The knobs are free spinning with no stops, which I do not prefer, but for a universal controller, this makes sense because each camera will have different graduations in those controls. However, it does make the knobs feel hard to get detail control on. For example, if you adjust the iris by turning the knob quickly 180 degrees, you will change the iris two stops. However, if you turn the knob slowly 180 degrees, it will change the iris 12 stops. This inconsistency makes it tough to get reliable control. Again, this may be a feature found in this budget-minded Commander Jr version, and a compromise not found on the more expensive models. Turning the knob slowly garnered the best results, which tends to be counterintuitive in a live production setting, where things happen fast. The function of the knobs can also change based on other selections. To keep things from getting confusing, each knob has a little LED screen that indicates what function it currently controls and its value. This is a much-appreciated feature because it brings clarity and confidence when you need to make changes.
For control connectivity, the Commander Jr has many options --- more than some other small controllers, including; options from serial RS232 over a serial DB9 connector, RS422 and RS485 over a Phoenix terminal, and LAN over an RJ45. Beyond those connections, it works with VISCA, UDP, and PELCO P/D control protocols. This should cover pretty much any control you may need.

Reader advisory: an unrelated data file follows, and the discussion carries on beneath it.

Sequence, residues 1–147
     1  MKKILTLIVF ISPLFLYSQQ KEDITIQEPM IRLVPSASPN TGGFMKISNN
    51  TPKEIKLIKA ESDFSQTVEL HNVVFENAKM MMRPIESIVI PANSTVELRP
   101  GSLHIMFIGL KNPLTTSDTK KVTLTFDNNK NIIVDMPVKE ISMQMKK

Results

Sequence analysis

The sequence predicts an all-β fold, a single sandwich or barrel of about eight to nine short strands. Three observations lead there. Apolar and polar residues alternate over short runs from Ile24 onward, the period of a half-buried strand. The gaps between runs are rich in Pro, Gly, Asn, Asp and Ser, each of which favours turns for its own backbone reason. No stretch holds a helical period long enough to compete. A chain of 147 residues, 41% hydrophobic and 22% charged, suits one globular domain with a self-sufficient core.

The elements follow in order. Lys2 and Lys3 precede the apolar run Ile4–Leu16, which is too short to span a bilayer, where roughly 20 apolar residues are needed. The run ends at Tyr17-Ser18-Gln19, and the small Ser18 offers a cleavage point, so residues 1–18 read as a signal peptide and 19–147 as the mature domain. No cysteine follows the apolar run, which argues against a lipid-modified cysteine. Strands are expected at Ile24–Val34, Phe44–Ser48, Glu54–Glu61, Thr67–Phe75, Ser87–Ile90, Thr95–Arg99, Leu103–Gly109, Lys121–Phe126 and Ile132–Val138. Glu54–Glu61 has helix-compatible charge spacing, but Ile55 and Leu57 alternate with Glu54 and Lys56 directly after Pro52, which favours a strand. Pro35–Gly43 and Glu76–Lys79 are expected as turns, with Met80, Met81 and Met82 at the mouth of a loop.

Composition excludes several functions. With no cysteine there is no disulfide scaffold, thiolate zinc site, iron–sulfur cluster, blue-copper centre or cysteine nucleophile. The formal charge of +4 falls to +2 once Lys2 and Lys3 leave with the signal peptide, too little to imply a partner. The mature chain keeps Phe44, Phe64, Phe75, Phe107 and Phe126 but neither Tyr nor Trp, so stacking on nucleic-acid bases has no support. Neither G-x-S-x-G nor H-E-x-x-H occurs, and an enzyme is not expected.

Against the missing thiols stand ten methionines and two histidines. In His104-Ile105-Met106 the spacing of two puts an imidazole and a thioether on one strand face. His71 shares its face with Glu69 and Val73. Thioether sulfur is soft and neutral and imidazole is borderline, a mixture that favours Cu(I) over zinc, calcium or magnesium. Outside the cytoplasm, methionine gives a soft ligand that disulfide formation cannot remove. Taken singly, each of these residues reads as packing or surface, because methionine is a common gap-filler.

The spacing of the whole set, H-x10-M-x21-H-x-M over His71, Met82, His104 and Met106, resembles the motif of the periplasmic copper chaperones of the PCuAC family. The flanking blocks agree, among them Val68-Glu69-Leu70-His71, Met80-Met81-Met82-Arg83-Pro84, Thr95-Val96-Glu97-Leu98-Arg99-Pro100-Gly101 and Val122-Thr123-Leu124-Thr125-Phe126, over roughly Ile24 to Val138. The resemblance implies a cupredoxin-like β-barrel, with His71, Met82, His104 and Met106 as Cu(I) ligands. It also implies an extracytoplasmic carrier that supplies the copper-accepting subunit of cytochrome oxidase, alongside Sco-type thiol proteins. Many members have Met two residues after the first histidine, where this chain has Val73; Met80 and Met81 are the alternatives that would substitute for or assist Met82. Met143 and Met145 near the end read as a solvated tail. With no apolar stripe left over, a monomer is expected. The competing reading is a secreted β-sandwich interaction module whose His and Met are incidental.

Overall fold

Things To Like
One of the best things about this controller is its large buttons, which are clearly labeled, and the best combination of silicone buttons and tactile response I have ever used. Many controllers and devices have larger silicone rubber buttons, which seem great because they are large and clear. However, those buttons often have wiggle room in the housing, so pressing them sometimes reseats or shifts the button rather than engages it. This is an issue because this reseating feels tactilely the same as engaging the button. As an end user, you can’t tell if the button was engaged or just reseated because it feels similar. The buttons on the Commander Jr have a tactile “click” when you press them, which gives you reliable feedback. They are also backlit and have white and green backlights, so you know what camera you are using or when you trigger a preset recall.